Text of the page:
India is a very difficult country to change. Problems remain, but the rewards are beginning to appear and should be greeted with cheers.
The return of targeted cash transfers
Schemes promising cash to the poor absolve the state of its responsibility to provide basic services like health
With the announcement of a Minimum Income Guarantee (MIG) scheme by the Congress president, the agenda of universal basic income (UBI) has moved from an academic discussion to the political arena.
As of now the proposal of MIG is only an electoral promise with no further details available.
On Friday, the general budget announced a scheme, Pradhan Mantri Kisan Samman Nidhi, under which vulnerable landholding farmer families, having cultivable land up to 2 hectares, will be provided direct income support of â‚¹6,000 a year.
The appeal of some form of income transfer is now seriously being discussed by all political formations.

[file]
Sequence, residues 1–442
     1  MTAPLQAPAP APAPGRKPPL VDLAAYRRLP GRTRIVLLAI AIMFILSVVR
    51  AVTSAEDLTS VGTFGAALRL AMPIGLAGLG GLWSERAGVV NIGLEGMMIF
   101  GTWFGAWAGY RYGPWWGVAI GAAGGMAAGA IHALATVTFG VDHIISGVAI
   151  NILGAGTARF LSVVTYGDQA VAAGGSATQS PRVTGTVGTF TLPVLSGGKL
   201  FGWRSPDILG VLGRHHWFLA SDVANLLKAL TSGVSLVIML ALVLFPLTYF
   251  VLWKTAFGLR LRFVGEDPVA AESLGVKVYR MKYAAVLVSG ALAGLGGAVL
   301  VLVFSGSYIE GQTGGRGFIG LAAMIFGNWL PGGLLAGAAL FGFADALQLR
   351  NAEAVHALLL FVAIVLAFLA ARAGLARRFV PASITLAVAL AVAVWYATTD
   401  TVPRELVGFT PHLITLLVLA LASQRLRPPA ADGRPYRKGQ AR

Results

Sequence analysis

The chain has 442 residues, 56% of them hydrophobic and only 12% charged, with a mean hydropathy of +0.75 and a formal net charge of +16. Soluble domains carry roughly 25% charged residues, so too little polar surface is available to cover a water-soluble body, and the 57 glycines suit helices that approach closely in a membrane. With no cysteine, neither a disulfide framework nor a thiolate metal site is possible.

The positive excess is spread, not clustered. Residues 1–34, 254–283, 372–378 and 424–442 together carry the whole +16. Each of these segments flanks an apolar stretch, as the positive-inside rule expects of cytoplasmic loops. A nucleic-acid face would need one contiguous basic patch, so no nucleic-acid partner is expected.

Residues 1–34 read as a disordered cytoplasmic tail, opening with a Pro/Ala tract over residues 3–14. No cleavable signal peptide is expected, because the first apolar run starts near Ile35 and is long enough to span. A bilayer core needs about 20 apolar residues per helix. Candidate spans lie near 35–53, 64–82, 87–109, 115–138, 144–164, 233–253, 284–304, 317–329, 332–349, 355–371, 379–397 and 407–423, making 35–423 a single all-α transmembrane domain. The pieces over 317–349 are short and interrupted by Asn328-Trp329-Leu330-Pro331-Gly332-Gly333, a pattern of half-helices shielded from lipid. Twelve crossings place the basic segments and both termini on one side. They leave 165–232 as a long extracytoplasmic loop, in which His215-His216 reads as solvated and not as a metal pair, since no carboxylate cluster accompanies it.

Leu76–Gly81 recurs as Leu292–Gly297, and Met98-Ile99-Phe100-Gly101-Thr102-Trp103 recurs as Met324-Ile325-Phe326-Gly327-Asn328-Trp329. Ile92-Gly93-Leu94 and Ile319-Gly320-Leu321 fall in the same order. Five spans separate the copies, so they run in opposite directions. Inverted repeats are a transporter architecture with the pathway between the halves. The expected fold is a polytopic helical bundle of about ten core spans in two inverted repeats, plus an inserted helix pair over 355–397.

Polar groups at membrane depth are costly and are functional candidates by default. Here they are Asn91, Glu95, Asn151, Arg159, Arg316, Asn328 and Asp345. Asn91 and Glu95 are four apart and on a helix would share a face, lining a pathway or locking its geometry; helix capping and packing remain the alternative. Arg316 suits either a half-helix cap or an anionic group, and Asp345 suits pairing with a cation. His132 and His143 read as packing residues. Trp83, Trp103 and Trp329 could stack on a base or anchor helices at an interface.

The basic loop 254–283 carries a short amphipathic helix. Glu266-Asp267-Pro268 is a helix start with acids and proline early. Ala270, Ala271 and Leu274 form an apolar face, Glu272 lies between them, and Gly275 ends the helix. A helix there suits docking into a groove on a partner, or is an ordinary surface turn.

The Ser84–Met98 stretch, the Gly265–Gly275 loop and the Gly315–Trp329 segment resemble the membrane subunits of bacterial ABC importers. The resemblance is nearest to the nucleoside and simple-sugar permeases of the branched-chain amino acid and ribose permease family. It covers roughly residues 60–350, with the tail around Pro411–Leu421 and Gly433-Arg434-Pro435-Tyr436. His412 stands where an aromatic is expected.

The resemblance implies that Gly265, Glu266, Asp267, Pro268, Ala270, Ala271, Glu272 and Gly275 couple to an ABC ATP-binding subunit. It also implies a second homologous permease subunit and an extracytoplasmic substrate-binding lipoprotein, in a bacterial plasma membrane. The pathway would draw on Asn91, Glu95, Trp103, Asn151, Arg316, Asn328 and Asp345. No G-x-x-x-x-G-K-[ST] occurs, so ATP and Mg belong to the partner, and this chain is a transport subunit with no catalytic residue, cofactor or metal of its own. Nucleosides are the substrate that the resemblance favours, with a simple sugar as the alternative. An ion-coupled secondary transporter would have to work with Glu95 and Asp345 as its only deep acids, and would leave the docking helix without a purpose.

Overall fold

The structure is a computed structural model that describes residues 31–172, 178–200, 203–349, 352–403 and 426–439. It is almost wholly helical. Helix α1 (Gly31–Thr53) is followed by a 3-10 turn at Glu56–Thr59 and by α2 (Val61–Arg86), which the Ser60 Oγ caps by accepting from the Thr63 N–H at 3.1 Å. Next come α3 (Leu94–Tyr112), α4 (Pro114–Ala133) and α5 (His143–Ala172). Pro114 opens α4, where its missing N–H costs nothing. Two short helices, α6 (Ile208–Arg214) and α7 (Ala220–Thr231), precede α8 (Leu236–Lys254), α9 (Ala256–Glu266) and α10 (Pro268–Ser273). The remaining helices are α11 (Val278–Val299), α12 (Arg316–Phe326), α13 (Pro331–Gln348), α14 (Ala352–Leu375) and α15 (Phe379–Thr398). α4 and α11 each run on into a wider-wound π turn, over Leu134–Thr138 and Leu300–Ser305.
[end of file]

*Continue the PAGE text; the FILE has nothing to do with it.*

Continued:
The idea is not new and has been in discussion for some time among academics in India but attracted attention after it was proposed in the Economic Survey of 2017.
Who will benefit?
In simple terms the proposal of transferring some income to every citizen is built on the twin principles of universality and a notion of minimum basic income to those living at the poverty line.
The principle of universality is at the core of it given the problems of targeting.
But some form of income support to those who are unable to participate in labour market has been there in most countries in some form or other including in India, like the National Social Assistance Programme (NSAP) pensions for widows, elderly and disabled.